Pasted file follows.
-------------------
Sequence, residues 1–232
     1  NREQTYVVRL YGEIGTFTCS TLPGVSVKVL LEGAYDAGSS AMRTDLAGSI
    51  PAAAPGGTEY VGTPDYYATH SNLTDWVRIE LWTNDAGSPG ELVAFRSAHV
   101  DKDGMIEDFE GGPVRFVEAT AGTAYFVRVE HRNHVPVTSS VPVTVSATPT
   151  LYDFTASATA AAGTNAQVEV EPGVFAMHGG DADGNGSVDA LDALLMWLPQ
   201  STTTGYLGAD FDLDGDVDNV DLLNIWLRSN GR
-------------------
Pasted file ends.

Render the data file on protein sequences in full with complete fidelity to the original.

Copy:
Sequence, residues 1–232
     1  NREQTYVVRL YGEIGTFTCS TLPGVSVKVL LEGAYDAGSS AMRTDLAGSI
    51  PAAAPGGTEY VGTPDYYATH SNLTDWVRIE LWTNDAGSPG ELVAFRSAHV
   101  DKDGMIEDFE GGPVRFVEAT AGTAYFVRVE HRNHVPVTSS VPVTVSATPT
   151  LYDFTASATA AAGTNAQVEV EPGVFAMHGG DADGNGSVDA LDALLMWLPQ
   201  STTTGYLGAD FDLDGDVDNV DLLNIWLRSN GR